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Sustainable Catalytic Synthesis of 2,5-Diformylfuran from Various Carbohydrates

Department of Energy Systems Research, Ajou University, Suwon 16499, Korea
Department of Chemistry, Sungkyunkwan University, Suwon 16419, Korea
Authors to whom correspondence should be addressed.
Catalysts 2022, 12(4), 360;
Submission received: 24 February 2022 / Revised: 19 March 2022 / Accepted: 22 March 2022 / Published: 23 March 2022
(This article belongs to the Special Issue State-of-the-Art Catalytical Technology in South Korea II)


Versatile homogeneous and heterogeneous catalysts that convert carbohydrates to 2,5-diformylfuran (DFF) are essential for the development of sustainable processes for producing high-value chemicals from biomass-derived carbohydrates. An efficient catalytic system consisting of Br, disulfide, and dimethylsulfoxide (DMSO) promoted the sustainable and selective synthesis of DFF in modest-to-good yields from various carbohydrates, such as fructose, glucose, mannose, galactose, and sucrose. Heterogeneous catalysts containing Br also facilitated this reaction with recyclable high yields.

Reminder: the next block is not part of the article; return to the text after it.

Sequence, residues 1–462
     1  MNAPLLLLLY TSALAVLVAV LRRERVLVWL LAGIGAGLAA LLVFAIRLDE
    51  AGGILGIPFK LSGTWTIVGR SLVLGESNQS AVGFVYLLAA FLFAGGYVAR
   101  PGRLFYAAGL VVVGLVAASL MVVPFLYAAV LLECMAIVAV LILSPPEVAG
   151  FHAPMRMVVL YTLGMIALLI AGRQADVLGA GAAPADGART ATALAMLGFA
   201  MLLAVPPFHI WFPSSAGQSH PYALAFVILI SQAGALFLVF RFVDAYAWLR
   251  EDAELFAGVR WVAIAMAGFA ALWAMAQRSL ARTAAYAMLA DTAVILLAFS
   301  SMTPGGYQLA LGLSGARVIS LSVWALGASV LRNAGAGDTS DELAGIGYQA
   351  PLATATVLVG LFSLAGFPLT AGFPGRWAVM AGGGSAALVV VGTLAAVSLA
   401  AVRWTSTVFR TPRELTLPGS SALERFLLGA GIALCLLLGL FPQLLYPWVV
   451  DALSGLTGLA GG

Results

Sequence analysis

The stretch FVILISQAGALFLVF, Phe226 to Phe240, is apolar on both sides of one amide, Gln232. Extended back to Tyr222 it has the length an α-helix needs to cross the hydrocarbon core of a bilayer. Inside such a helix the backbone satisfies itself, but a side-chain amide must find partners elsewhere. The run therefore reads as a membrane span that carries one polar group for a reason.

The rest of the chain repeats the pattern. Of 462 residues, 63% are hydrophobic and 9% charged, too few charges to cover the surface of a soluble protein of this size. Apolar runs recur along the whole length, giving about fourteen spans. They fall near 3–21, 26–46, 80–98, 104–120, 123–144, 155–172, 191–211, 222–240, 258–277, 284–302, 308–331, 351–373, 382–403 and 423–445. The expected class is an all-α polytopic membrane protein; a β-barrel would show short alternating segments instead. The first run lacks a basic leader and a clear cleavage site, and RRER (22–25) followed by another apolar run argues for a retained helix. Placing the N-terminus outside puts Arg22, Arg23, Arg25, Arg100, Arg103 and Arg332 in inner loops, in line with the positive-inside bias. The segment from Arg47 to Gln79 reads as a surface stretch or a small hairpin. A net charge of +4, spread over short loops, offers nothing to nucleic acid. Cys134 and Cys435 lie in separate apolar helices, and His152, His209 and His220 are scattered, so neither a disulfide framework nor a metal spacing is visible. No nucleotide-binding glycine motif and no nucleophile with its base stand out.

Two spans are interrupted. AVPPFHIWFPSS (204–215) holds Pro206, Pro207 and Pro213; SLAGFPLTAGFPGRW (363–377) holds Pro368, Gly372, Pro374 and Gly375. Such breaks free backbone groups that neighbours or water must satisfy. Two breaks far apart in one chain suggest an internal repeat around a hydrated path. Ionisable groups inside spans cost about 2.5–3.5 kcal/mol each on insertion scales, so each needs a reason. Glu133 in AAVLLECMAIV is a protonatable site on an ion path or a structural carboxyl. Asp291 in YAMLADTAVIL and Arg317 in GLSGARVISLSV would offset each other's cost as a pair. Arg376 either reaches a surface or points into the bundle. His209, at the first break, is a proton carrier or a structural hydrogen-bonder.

Graphical Abstract

1. Introduction

The valorization of biomass, which is a sustainable carbon source, has received increasing attention for many reasons. Biomass can be used to achieve net-zero carbon dioxide (CO2) emissions, decrease the fossil-fuel dependency of chemical processes, maintain the current consumption of chemical products, and save energy resources for the next generation. Lignocellulosic biomass, one of the most abundant biomass resources, has high functionality originating from its unique carbon skeleton and functional groups, which enable the production of a wide range of value-added chemicals. Several catalysts have been reported, which can be used for transforming the functional groups and for reorganizing the carbon skeleton of lignocellulosic biomass [1,2,3,4,5,6,7]. Among them, catalysts converting lignocellulose-derived carbohydrates to 2,5-diformylfuran (DFF) attracted our interest.